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Stem Cells Might Contribute To Vascular Disease

Date:
May 20, 2008
Source:
New York- Presbyterian Hospital/Weill Cornell Medical Center/Weill Cornell Medical College
Summary:
Physician-scientists believe that stem cells might play a harmful role in the body's reaction to trauma following common vascular surgery, like angioplasty. They are currently studying how stem cells implant themselves in the wall of arteries and grow out of control.
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Physician-scientists believe that stem cells might play a harmful role in the body's reaction to trauma following common vascular surgery, like angioplasty.

A team of scientists — led by Dr. K. Craig Kent, Greenberg-Starr Professor and professor of surgery at Weill Cornell Medical College and chief of the Division of Vascular Surgery at NewYork-Presbyterian — are currently studying how stem cells implant themselves in the wall of arteries and grow out of control.

Commonly, a blockage re-forms following angioplasty (termed re-stenosis) near the area where the procedure was performed.

The researchers observed that a chemical in the body called transforming growth factor beta (TGFbeta), which stimulates tissue growth, is released in high levels inside the artery following the trauma of angioplasty. Dr. Kent believes this happens because TGFbeta beckons stem cells to the irritated area to heal the wound.

This leads to the growth of dense, artery-blocking tissue.

If the scientists can learn how to shut off this response, Dr. Kent believes great progress might be made in the treatment of recurring heart disease.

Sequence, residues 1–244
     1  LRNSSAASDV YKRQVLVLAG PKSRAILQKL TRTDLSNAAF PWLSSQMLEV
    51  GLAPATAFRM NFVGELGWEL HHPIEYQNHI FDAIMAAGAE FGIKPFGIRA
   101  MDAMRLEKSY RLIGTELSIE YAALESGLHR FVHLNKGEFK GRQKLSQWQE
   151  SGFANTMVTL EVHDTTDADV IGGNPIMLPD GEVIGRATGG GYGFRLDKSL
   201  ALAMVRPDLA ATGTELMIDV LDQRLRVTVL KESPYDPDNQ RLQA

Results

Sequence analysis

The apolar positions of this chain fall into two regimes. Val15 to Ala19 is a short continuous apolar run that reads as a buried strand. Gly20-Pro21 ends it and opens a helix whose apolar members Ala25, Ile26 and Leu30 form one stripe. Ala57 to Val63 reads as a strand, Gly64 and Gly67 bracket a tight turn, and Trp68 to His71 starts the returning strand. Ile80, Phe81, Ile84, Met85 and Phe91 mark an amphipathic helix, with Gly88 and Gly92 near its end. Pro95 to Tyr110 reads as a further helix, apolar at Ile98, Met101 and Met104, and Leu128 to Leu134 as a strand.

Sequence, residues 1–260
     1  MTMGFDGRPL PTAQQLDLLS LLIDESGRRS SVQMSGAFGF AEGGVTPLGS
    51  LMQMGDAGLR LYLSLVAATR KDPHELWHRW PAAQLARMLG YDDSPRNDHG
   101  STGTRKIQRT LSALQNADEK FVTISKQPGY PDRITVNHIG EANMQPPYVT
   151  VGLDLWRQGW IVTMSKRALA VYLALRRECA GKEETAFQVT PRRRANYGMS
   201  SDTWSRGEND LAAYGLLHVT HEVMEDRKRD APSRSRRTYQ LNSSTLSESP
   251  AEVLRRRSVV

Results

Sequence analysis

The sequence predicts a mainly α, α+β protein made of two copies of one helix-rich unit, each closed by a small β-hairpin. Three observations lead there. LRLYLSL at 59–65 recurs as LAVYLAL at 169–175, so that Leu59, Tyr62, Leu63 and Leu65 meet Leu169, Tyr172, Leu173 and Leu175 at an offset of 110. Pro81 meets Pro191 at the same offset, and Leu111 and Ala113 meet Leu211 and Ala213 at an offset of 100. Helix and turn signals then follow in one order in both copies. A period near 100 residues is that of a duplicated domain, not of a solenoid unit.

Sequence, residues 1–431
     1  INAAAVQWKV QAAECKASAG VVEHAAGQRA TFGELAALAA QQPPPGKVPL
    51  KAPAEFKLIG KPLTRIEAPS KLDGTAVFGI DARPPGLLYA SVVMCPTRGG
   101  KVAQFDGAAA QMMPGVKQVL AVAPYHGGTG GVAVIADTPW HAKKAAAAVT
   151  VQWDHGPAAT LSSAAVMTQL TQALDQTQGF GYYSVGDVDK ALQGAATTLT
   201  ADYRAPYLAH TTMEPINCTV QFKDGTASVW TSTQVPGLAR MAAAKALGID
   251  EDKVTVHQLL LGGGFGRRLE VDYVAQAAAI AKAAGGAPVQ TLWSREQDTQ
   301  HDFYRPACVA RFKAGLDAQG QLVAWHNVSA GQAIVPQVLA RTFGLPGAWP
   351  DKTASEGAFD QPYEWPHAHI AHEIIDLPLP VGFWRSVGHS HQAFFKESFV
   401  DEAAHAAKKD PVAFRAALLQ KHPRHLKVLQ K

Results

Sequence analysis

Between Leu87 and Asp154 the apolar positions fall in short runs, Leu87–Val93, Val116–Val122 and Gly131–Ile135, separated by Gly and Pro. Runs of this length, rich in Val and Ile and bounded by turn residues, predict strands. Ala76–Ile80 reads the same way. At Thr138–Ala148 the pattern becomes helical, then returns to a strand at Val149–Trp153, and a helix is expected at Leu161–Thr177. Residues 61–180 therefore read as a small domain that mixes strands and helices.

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The above post is reprinted from materials provided by New York- Presbyterian Hospital/Weill Cornell Medical Center/Weill Cornell Medical College. Note: Materials may be edited for content and length.


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New York- Presbyterian Hospital/Weill Cornell Medical Center/Weill Cornell Medical College. "Stem Cells Might Contribute To Vascular Disease." ScienceDaily. ScienceDaily, 20 May 2008. <www.sciencedaily.com/releases/2008/05/080516164021.htm>.
New York- Presbyterian Hospital/Weill Cornell Medical Center/Weill Cornell Medical College. (2008, May 20). Stem Cells Might Contribute To Vascular Disease. ScienceDaily. Retrieved June 30, 2015 from www.sciencedaily.com/releases/2008/05/080516164021.htm
New York- Presbyterian Hospital/Weill Cornell Medical Center/Weill Cornell Medical College. "Stem Cells Might Contribute To Vascular Disease." ScienceDaily. www.sciencedaily.com/releases/2008/05/080516164021.htm (accessed June 30, 2015).

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